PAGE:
The final outdoor act of 2017 was a wonderful winter wander along old ways in the countryside of Stirlingshire. A little gem of a walk. I'll do it many times again.
On a cold winter's day there were pockets of even deeper cold by the river. Here the rich tones of the bare winter branches and the rusted grasses were muted by a thick layer of frost that sparkled in the low December sun.
Before we dropped into Dunblane, the old route became enclosed in stone walls that blocked out the modern world from view, making it easier to tune into the echoes of ancient footsteps. I liked a story from the past that I read. The landowner of the day had angered local people by diverting the Darn Road and building a wall across the route. It was said that the men he employed to build the wall secretly took it back down again every night.
A little further on and the rooftops of Dunblane came into view backed by the dramatic snow-covered peaks of Stuc a'Chroin and Ben Ledi. We ambled through the pleasant streets and gawped at the cathedral before popping out on the far side on more ancient routes. We were on the Old Doune Road now where it crossed Murdoch's Ford. It was here that King Robert II's grandson, Murdoch, was captured by English forces.
The Old Doune Road meandered across winter fields and passed cottages with Christmas trees in the windows. All the while snow-covered mountains provided a rugged backdrop to the pastoral scene. It soon joined the Doune Trail, an old railway line converted to a walking and cycling track. It's deep cut passed through bare winter woods before emerging into the fields and the village of Doune itself.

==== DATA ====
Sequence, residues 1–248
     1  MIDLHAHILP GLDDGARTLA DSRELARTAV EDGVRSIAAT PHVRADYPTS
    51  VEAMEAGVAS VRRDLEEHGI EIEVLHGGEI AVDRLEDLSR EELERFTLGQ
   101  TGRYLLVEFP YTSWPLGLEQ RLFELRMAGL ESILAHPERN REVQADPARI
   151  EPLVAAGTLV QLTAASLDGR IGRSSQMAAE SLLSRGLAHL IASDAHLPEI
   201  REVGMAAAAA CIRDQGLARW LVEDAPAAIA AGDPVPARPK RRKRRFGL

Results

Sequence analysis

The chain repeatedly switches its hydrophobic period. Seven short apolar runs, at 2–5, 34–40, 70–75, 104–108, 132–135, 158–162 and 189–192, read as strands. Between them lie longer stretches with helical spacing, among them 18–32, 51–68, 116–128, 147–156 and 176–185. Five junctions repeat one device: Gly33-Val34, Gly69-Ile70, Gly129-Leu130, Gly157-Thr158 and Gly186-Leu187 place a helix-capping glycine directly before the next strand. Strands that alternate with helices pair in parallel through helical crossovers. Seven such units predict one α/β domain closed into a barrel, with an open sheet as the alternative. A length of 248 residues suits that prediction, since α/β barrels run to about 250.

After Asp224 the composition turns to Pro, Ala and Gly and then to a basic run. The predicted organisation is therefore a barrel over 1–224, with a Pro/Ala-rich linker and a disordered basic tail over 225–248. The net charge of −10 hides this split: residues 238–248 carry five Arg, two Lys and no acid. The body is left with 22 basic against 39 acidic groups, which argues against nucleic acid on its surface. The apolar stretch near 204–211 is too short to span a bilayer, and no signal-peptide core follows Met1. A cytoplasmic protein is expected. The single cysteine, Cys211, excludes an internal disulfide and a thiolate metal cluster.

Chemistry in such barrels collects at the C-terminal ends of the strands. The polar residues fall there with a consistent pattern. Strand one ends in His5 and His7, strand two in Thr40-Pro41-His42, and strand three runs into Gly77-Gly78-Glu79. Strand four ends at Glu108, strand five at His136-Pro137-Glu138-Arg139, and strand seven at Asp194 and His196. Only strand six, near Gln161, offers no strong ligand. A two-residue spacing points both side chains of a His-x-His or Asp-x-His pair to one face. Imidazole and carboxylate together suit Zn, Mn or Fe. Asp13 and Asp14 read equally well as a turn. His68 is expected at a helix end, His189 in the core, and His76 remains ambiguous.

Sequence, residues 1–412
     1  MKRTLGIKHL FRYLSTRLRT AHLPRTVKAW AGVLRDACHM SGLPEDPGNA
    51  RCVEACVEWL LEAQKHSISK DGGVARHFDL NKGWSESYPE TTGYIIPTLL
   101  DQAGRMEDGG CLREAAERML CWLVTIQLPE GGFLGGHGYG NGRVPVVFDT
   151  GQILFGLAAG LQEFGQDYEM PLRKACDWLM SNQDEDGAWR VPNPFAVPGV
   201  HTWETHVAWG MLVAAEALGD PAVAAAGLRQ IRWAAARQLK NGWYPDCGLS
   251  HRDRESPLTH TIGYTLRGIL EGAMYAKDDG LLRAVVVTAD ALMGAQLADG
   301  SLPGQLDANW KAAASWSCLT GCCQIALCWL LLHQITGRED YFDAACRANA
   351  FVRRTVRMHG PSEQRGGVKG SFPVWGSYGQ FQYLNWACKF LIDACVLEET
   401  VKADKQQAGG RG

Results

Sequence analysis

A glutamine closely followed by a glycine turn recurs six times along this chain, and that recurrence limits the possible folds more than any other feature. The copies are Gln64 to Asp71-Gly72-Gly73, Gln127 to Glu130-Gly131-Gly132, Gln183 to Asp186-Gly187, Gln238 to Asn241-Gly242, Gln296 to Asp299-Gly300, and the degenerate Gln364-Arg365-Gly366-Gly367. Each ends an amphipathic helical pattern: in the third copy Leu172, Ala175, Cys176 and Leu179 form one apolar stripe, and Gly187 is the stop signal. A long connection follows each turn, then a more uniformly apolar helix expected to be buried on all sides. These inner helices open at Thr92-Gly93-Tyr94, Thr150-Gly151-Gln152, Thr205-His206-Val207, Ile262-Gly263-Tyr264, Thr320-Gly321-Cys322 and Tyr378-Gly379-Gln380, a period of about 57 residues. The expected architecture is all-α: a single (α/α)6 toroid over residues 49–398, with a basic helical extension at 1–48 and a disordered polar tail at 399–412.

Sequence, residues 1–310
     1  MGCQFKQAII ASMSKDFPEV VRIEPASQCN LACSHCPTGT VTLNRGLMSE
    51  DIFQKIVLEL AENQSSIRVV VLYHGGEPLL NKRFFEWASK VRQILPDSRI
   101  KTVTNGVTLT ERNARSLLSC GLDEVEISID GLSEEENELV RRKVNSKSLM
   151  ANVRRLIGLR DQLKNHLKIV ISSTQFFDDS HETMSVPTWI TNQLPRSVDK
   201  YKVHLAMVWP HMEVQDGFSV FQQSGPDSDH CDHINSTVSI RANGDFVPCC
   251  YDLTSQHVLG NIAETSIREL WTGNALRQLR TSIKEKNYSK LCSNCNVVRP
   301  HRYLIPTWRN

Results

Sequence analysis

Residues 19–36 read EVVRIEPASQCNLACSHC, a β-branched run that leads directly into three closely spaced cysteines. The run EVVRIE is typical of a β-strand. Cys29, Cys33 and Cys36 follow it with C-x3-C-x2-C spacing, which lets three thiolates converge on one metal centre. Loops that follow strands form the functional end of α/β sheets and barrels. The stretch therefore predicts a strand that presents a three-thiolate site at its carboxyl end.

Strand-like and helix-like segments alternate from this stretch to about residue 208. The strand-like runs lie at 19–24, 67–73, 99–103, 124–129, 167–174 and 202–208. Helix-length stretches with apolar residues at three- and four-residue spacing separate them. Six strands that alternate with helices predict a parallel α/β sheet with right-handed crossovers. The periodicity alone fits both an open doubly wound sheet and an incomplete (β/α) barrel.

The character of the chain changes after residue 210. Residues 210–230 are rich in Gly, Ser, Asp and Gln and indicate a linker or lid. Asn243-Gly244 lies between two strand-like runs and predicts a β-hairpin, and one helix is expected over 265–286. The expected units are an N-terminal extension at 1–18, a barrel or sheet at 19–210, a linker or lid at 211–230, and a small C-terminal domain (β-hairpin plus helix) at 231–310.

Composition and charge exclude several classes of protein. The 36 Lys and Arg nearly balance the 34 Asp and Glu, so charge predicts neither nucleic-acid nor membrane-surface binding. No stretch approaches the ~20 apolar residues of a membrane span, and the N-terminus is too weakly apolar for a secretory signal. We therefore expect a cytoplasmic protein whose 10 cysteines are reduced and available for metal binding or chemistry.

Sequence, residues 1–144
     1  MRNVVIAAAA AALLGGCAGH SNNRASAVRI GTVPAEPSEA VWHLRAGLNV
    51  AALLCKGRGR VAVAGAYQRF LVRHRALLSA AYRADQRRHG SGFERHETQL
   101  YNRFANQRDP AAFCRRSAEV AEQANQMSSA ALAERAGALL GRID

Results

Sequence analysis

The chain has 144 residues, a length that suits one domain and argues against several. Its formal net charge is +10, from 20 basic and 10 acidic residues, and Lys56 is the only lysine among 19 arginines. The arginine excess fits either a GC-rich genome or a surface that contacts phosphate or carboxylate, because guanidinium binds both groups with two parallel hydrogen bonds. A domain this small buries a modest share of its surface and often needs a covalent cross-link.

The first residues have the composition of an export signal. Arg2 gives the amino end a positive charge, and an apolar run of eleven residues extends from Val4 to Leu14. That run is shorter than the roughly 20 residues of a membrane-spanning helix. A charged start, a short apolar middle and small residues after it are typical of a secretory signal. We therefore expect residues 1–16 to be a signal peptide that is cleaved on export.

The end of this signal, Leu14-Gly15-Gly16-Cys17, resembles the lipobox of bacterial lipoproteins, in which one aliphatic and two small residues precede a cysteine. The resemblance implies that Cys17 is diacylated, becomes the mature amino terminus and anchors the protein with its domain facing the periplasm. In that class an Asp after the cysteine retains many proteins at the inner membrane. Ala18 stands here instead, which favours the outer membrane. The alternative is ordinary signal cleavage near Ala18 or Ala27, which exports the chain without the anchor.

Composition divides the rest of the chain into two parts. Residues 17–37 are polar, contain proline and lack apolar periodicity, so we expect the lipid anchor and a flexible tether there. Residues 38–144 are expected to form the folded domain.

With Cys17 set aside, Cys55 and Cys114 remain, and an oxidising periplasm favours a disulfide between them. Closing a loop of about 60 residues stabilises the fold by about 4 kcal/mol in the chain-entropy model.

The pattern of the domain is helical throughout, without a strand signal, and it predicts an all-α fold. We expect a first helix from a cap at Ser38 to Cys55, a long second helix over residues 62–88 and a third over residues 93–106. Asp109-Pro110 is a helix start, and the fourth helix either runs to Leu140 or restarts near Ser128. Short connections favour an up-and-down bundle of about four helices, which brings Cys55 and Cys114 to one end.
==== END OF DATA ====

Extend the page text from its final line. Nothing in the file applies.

My friend and I have our own old ways, one of which is using buses and trains to get to our walks. And so we jumped on the bus to take us back the way we came.
Start: Bridge of Allan
Public transport: Train to Bridge of Allan. Bus back from Doune to Stirling for a train home.
Route: We turned right out of the station at Bridge of Allan then left up Blairforkie Drive. As the roads rises we took a path to the left between the houses which continued alongside the Allan Water. It reaches a bridge where there is a sign for Dunblane. It eventually pops out at dual carriageway at Dunblane. We crossed and took the first right which heads down to the main street. At the top is the cathedral. Ahead is the train station. We crossed to the other side of the train station and turned right to then turn left up the Old Doune Road opposite Tesco which continues as track and path once it leaves the houses. This is now the national cycle network and can be followed easily into Doune.